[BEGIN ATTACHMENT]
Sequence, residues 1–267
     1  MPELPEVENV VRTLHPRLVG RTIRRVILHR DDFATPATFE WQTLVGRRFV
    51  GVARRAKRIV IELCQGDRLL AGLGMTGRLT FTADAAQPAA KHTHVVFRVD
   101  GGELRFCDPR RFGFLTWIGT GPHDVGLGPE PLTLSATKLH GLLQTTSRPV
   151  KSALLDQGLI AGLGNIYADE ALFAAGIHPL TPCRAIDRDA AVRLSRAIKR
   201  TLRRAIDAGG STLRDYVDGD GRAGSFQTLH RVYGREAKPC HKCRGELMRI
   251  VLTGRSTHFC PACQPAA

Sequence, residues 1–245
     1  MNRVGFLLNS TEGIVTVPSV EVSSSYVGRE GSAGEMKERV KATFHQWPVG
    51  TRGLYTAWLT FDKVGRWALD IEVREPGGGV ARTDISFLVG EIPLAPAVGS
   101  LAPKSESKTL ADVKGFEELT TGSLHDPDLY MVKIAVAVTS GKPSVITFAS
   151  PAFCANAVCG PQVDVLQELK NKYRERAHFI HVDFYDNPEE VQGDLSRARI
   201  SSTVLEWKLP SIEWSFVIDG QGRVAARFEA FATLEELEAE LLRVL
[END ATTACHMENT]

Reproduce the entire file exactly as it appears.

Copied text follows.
Sequence, residues 1–267
     1  MPELPEVENV VRTLHPRLVG RTIRRVILHR DDFATPATFE WQTLVGRRFV
    51  GVARRAKRIV IELCQGDRLL AGLGMTGRLT FTADAAQPAA KHTHVVFRVD
   101  GGELRFCDPR RFGFLTWIGT GPHDVGLGPE PLTLSATKLH GLLQTTSRPV
   151  KSALLDQGLI AGLGNIYADE ALFAAGIHPL TPCRAIDRDA AVRLSRAIKR
   201  TLRRAIDAGG STLRDYVDGD GRAGSFQTLH RVYGREAKPC HKCRGELMRI
   251  VLTGRSTHFC PACQPAA

Sequence, residues 1–245
     1  MNRVGFLLNS TEGIVTVPSV EVSSSYVGRE GSAGEMKERV KATFHQWPVG
    51  TRGLYTAWLT FDKVGRWALD IEVREPGGGV ARTDISFLVG EIPLAPAVGS
   101  LAPKSESKTL ADVKGFEELT TGSLHDPDLY MVKIAVAVTS GKPSVITFAS
   151  PAFCANAVCG PQVDVLQELK NKYRERAHFI HVDFYDNPEE VQGDLSRARI
   201  SSTVLEWKLP SIEWSFVIDG QGRVAARFEA FATLEELEAE LLRVL